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Cuttputlli Review

September 02, 2022 10:13 IST
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Cuttputlli's absolutely absurd climax will have you rolling on the floor in unintended laughter, notes Sukanya Verma.

If Hindi OTT has its way, Himachal will soon have to replace scenic with sinister.

After Aranyak, Mithya and Forensic arrives yet another grisly hill station mystery involving a cop in pursuit of a serial killer.

The beats of Ranjit M Tewari's Cuttputlli, a remake of Ram Kumar's Tamil thriller Ratsasan are drearily familiar -- the peace of a scenic mountain town is disrupted after discovering a brutally mutilated body of a teenage girl. But the panic waves its disturbing episodes trigger are sparsely felt in this shoddily rustled up remake.

Sleuthing police procedurals are a gripping genre by itself.

At its serviceable best also, a whodunit will pique enough curiosity to stick around until full disclosure.

Cuttputlli draws on this advantage but fails to sustain our interest.

If its growing pile of clumsy contrivances and offensive understanding of Alzheimer's and Progeria aren't regrettable enough, a staggeringly stupid third act makes a hash out of things.


A London-born desi, whose policeman father's dinner table conversations fuelled his fascination for homicidal maniacs, Akshay Kumar plays wannabe film-maker Arjan Sethi having a hard time getting his murder mysteries approved by the bigwigs of Punjabi show business.

'Turn this into a comedy,' one suggests.

At the constant insistence of his sister (hammy Hrishita Bhatt) and inspector brother-in-law (wasted Chandrachur Singh), he moves to Kasauli (part Mussoorie, part United Kingdom) and joins the police force instead.

Though he's 36 years old (Akshay turns 55 next week), Arjan's father died in the line of duty, which makes him eligible on compensatory grounds.

What's truly mind-boggling is how quickly he completes his training and directly assumes the rank of senior inspector. But Jijaji's influence can get him only thus far and Arjan's inexperience finds him relegated to stationery boy.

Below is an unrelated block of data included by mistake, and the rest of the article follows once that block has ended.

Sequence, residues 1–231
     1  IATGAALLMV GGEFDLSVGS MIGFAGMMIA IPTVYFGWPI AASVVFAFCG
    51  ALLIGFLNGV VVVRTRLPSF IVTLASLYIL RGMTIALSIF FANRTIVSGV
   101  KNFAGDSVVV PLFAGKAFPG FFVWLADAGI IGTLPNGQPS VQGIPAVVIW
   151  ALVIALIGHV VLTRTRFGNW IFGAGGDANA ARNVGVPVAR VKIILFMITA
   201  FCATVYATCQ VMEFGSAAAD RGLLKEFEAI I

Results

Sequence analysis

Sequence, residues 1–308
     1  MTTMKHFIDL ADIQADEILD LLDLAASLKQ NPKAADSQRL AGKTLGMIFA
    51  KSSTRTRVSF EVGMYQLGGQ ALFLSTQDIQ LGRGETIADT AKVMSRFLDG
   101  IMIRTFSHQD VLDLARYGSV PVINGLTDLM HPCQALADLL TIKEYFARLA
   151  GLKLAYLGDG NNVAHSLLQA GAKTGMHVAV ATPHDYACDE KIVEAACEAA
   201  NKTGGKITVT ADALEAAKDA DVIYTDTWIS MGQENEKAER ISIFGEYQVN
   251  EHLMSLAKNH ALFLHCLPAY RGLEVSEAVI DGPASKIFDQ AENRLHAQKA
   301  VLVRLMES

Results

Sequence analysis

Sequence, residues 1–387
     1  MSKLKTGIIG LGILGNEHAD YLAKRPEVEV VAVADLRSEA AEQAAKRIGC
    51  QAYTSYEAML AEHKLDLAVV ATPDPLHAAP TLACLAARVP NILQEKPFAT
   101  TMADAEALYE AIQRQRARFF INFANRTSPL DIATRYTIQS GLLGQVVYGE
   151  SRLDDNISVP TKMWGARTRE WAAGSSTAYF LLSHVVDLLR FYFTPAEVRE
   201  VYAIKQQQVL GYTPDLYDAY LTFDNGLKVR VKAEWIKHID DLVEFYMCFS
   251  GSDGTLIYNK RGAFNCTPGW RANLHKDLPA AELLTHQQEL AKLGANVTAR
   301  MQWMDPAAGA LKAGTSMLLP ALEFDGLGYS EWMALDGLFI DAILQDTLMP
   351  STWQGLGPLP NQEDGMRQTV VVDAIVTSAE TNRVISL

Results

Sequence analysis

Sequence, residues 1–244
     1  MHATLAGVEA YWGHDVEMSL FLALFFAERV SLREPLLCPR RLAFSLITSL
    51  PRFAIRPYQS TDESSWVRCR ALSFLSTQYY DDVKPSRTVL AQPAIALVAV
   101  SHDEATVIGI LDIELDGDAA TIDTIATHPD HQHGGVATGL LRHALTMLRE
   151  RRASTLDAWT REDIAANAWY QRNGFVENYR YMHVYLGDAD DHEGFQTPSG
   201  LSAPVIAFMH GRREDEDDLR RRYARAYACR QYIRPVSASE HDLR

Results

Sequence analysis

Not for too long, of course.

When body after body finds its way in forensic labs, Arjan's detective instincts sense a pattern in how the psychopath killer leaves off a trail of disfigured dolls as some kind of a memento of his dark deeds.

While one waits to get to the bottom of the crime and a clever big reveal, Cuttputlli distracts itself around Arjan's needless flirtations around a school teacher (Rakul Singh, pretty but precious little to do) raising a mute niece. If you are expecting it to evolve into a dangerous scenario like Govinda's Hatya, don't.

Arjan has a niece too, a mischief-prone teenager happy to forge her parents' signatures in report cards if need be.

As the plot trudges along, several suspects are tossed our way -- a stalker, a sexual predator, a sorcerer.

And yet, despite the mounting death count, including hastily treated personal tragedies, the stakes are shockingly low.

The focus stays on, no surprise, Akshay and Akshay alone. Not just his co-actors but even rationale takes a backseat as Akshay's Sherlock level wits, gentleman ways (tying a pregnant lady's shoelaces) and affections as uncle, beau, brother, precede everyone else's.

Expectedly, he slips out in the middle of an investigation to change into khakis and impress the heroine by shooing off her niece's bullies at school.

The other heroine too, a previously surly lady boss (Punjabi actress Sargun Mehta in huff and puff mode) changes her tune from 'baap ki kursi mili hai, araam se baith kar sek' to 'now you lead us'.

Heropanti aside, Akshay delivers a relaxed, restrained act.

Too bad there's little else to hold on to in this flimsily written thriller that forgets about Arjan's movie-making dreams faster than Raksha Bandhan left our memory.

Cuttputlli is likely to follow suit what with an absolutely absurd climax and super amateurish execution that will have you rolling on the floor in unintended laughter. Or maybe they decided to 'make this into a comedy' after all.

Cuttputlli streams on Disney+Hotstar.

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